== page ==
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Criterion offers up a sensationally accomplished DVD edition of a Titanic movie that is so-so at best....
Criterion / 123 Minutes / 1958 / Unrated / Street Date: March 27, 2012
I don't mean to totally give away the ending here, but things don't end well for the Titanic. Released just in time for the 100th anniversary of the ship's demise (she stopped floating on April 14, 1912), A Night to Remember is a supposedly accurate and dynamic interpretation of the vessels final hours and the folks whose fates rode along with her. Melancholy, brutal, and often downright sad, A Night to Remember isn't exactly a gritty or particularly realistic piece of filmmaking, but it definitely lends a sense of historical import to this occasion in a uniquely dramatic way.
Following interweaving storylines focusing on passengers and officers on the ship, A Night to Remember offers a heady sense of impending doom, even with its lighter moments. Based on Walter Lord's book, this version of the Titanic tale doesn't rest on the romance of James Cameron's more recent film (have you heard of that one?), instead attempting to keep a clear-minded perspective on the melodrama on-screen.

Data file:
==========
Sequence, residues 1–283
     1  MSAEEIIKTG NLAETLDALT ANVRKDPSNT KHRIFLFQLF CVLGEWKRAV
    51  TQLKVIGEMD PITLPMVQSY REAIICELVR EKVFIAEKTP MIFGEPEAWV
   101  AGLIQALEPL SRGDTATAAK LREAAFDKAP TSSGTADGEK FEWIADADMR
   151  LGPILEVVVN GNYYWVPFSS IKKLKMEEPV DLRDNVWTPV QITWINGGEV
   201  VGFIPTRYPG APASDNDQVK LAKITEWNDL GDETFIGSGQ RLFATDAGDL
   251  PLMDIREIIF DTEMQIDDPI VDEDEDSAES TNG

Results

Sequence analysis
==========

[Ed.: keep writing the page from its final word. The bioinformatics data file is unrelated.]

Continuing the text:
What ends up being the case, though, is that this strident take on the events during the Titanic's last dance becomes positively leaden. Neither histrionic in a campy, old-fashioned way nor excitingly naturalistic, A Night to Remember is a deftly designed, lovingly decorated bore. The gravitas of the loss of life that comes with the film's finale remains tough to swallow - 2,200 passengers boarded Titanic, 700 were rescued - but there's nothing fascinatingly savvy or significant about the way the story is told here.
Criterion has made significant efforts with the film on multiple occasions - it released both a LaserDisc and DVD edition of the movie before this one - so the fact that A Night to Remember has finally arrived on CC Blu-ray isn't particularly surprising, but it's also not exactly thrilling. This standard-def edition of the picture (a Blu-ray incarnation is also available) offers the movie with audio/video quality it has likely never known since its runs in cinemas, and there are new bonuses included to round out its presence as a legit addition to the Criterion pantheon, but as craftsmanlike and well-constructed as this movie might be, it doesn't offer the pure sheen of a bona fide classic.